The Bank of Canada today began circulating the $10 commemorative bank note that celebrates the 150th anniversary of Confederation. Canadians can now obtain this special note at financial institutions. Only 40 million notes are being issued—roughly one for every Canadian.

Governor Stephen S. Poloz was among the first to spend a commemorative note at a store in downtown Ottawa this morning. “This bank note reflects the pride we feel about our country’s accomplishments and the hope we have for our future,” said Governor Poloz. “But it also underpins the confidence Canadians can have in their bank notes.  The new security features of this $10 note make it the most secure Canadian bank note to date.”

The new security features include a colour-shifting image of an arch found in the Memorial Chamber on Parliament Hill, as well as three-dimensional maple leaves. Like the security features of all polymer bank notes, they are easy to verify and difficult to counterfeit.

The Parliamentary Secretary to the Minister of Finance, Ginette Petitpas Taylor, said she hoped the bank note would inspire Canadians. “This year, Canadians will have the opportunity to reflect on our history and celebrate our heritage. With this note to commemorate 150 years of Confederation, we are reminded of our strengths: our rich diversity and our enduring hope for a brighter tomorrow,” she said.

The Canada 150 bank note celebrates Canada’s history, land and culture, as the country marks this important milestone.

Four Canadians who played significant roles in the country’s parliamentary history are portrayed on the front of the note: Sir John A. Macdonald, Canada’s first prime minister; Sir George-Étienne Cartier, a principal architect of Canadian federalism; Agnes Macphail, the first woman elected to the Canadian House of Commons; and James Gladstone, or Akay-na-muka (his Blackfoot name), Canada’s first senator of First Nations origin.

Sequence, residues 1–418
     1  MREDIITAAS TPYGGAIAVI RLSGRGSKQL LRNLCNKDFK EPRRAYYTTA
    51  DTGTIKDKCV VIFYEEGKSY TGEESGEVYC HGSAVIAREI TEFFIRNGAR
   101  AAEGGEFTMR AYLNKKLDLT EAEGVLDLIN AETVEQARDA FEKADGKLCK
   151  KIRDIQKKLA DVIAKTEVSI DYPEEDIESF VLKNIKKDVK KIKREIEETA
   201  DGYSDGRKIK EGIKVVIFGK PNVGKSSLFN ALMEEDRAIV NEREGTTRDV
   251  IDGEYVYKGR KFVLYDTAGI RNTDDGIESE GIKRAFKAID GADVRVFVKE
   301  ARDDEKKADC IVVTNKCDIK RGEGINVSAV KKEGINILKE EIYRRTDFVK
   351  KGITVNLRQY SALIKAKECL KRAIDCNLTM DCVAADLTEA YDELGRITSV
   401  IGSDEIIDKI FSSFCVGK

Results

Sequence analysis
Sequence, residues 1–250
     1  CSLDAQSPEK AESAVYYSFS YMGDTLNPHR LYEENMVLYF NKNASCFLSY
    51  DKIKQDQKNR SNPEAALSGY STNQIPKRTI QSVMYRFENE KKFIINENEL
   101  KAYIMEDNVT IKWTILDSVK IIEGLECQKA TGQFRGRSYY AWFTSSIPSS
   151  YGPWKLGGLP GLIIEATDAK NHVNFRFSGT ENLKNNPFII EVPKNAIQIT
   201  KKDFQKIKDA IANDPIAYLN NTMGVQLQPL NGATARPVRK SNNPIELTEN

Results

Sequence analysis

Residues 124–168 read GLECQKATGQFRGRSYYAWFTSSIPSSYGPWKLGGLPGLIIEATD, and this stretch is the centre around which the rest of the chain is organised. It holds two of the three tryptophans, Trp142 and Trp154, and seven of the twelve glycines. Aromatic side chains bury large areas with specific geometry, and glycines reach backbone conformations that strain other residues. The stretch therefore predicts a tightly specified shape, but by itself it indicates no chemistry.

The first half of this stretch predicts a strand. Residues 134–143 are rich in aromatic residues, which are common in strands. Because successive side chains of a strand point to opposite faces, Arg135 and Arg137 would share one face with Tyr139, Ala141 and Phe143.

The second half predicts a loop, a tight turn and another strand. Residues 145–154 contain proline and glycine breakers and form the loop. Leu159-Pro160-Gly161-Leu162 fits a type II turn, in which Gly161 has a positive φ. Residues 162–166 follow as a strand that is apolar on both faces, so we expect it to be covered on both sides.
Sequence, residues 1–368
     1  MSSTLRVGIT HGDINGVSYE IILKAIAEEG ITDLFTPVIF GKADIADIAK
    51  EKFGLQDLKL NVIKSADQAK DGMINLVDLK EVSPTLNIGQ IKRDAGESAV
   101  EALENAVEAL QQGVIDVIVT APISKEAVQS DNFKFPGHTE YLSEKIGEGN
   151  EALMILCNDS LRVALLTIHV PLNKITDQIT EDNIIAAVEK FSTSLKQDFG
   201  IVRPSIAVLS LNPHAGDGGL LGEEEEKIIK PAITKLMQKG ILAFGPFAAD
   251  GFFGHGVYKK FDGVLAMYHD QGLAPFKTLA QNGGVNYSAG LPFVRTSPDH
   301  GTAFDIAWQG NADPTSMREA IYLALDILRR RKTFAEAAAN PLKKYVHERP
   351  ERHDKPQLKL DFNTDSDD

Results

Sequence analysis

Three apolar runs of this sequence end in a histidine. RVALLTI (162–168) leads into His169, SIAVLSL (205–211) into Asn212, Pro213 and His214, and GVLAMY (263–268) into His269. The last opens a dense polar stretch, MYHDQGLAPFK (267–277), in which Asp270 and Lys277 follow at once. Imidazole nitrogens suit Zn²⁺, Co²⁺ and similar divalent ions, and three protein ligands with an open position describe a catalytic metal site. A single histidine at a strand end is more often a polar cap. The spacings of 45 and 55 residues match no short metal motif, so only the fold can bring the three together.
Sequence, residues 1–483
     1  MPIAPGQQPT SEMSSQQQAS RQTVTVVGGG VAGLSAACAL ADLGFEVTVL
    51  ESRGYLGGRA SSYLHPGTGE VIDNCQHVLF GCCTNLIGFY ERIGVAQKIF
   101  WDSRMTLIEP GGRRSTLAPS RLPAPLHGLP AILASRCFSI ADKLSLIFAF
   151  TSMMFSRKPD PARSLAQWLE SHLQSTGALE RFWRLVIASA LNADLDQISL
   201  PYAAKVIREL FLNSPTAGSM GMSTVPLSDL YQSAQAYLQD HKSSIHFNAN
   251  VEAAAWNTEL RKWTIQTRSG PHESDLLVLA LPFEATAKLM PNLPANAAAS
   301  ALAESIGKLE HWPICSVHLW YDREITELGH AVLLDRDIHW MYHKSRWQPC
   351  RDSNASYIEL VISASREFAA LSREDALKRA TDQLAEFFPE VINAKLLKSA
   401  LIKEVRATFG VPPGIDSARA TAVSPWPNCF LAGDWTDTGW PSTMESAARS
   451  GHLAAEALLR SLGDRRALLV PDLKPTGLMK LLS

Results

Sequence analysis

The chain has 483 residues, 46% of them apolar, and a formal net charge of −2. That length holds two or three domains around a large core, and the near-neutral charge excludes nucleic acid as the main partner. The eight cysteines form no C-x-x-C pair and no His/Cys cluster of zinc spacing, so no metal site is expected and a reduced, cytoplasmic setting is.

The design also incorporates other cultural elements: a reproduction of the artwork Owl’s Bouquet by world-renowned Inuit artist Kenojuak Ashevak and the distinctive arrow sash pattern, an important symbol of the Métis nation that also pays homage to the French-Canadian voyageurs of the 18th century.

The reverse of the note features the rugged splendour of Canada’s lands and landscapes: the Lions/Twin Sisters (Western Canada), a wheat field (Prairie provinces), the Canadian Shield (Central Canada), Cape Bonavista (Eastern Canada) and the northern lights (Northern Canada).

Beginning today, the commemorative bank note will be available over the counter at financial institutions across the country. While the commemorative $10 note does not replace the current Polymer series $10 note, which continues to circulate, it is of equal value and can be used in transactions.

Notes to Editors:

  • As announced in December, human rights and freedoms icon Viola Desmond will be featured on a new, regularly circulating $10 note expected in late 2018. This will mark another historic first: Desmond will become the first Canadian woman to be featured on a regularly circulating bank note.
  • Visit our website to find out more about each element featured on the $10 commemorative bank note.
  • View videos about the commemorative bank note and its security features.
  • Download photos from the Bank of Canada’s Flickr gallery.
  • Learn about the public consultation the Bank undertook to inform the visual content and design of this commemorative bank note.
  • This is only the fourth time that the Bank of Canada has issued a commemorative note. The first, issued in 1935, celebrated the Silver Jubilee of King George V; the second, issued in 1967, marked the centennial of Confederation; and the third, issued in 2015, honoured the historic reign of Her Majesty Queen Elizabeth II, who became the longest-reigning sovereign in Canada’s modern era.
  • Find out more about our Principles for Bank Note Design.
  • Consult the Bank of Canada’s bank notes web pages.
  • Contact Media Relations for B-roll, available upon request.